The first two games ended in draws as both players played cautiously. In the third, Caruana attacked more but made a mistake, and Liem capitalized on it to make it 2-1.
They played three more draws to take the score to 3.5-2.5. Liem had a chance to win game number six, but overlooked a move for checkmate.
Liem said: “I was really stupid. I was dominating but couldn’t see the last move to end this match. That was my fault.”
Caruana celebrated the narrow escape by winning round seven with a quick counterattack to equalize the score.
Liem with the white pieces dominated the eighth game and won to snatch back the lead. It was now 4.5-3.5.
During the last 25 moves, Caruana did not say anything while Liem kept commenting on the stream, despite a shortage of time.
“This round was difficult, but I got ahead one more time,” he said.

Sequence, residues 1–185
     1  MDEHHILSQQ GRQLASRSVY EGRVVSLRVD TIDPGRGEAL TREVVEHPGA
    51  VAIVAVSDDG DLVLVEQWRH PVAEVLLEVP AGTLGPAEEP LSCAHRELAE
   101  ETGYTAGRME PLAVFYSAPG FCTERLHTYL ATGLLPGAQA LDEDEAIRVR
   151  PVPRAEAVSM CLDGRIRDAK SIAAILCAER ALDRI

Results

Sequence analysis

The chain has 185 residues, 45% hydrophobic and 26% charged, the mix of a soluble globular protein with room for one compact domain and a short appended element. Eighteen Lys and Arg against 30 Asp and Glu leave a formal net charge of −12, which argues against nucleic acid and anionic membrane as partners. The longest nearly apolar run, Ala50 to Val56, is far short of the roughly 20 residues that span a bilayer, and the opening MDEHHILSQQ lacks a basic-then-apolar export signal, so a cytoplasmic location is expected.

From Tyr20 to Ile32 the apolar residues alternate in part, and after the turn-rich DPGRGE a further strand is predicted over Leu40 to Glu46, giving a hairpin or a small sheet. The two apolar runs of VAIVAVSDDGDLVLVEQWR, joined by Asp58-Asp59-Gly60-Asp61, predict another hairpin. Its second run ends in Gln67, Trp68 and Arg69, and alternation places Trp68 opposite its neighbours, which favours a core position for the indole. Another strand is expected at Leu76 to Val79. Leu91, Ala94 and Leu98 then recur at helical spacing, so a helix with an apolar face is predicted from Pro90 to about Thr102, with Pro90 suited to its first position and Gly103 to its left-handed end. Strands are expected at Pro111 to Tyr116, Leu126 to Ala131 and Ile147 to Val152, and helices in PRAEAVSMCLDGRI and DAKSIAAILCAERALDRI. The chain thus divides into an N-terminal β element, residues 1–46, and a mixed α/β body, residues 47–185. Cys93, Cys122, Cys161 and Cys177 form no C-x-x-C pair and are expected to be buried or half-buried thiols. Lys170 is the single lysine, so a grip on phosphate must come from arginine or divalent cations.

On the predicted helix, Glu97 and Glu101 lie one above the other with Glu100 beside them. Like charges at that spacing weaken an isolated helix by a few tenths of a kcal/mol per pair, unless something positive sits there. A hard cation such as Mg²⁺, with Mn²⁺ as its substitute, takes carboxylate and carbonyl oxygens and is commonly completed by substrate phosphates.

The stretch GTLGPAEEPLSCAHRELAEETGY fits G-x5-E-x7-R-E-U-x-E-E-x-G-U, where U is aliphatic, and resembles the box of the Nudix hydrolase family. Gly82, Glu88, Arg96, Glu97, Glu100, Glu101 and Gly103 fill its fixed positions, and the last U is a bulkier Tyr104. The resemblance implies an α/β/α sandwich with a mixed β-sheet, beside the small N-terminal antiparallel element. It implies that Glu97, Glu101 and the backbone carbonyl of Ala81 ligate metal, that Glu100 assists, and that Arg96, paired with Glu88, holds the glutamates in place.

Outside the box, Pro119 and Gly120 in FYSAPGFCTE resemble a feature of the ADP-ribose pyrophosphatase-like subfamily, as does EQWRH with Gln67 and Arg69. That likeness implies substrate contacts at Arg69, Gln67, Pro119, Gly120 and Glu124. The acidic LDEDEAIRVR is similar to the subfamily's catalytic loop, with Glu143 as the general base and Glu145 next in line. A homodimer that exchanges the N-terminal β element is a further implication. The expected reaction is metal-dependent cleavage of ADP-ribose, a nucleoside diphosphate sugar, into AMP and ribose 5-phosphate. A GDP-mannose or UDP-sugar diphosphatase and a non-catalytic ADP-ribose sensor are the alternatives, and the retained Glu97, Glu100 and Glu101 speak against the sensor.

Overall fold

Liem only needed one point from the last two games to wrap up the match, and duly won the ninth game to enter the semifinals.
Liem said “I’m shocked with this result. I was just a dark horse but Caruana was a major contender for the title.
“This match was crazy. I was lucky to escape from some losses but also unlucky to make some mistakes. This match could have gone any way. Anyway, I want to thank Caruana for this match.”
Caruana has an Elo rating of 2,835, the second highest in the world after Norwegian Magnus Carlsen (2,863). He was the last player to challenge Carlsen for the world title in 2018, but he was unsuccessful.
Liem, with current rating of 2,709, will play another American-Filipino, Wesley So, in the semifinals on Sunday.
Previously on Tuesday, Liem beat the current world champion, Azerbaijani grandmaster, Teimour Radjabov in Banter Series.
The tournament offers a top prize of $14,000. The two finalists will qualify for the Magnus Carlsen Chess Tour, which has prize money of $140,000.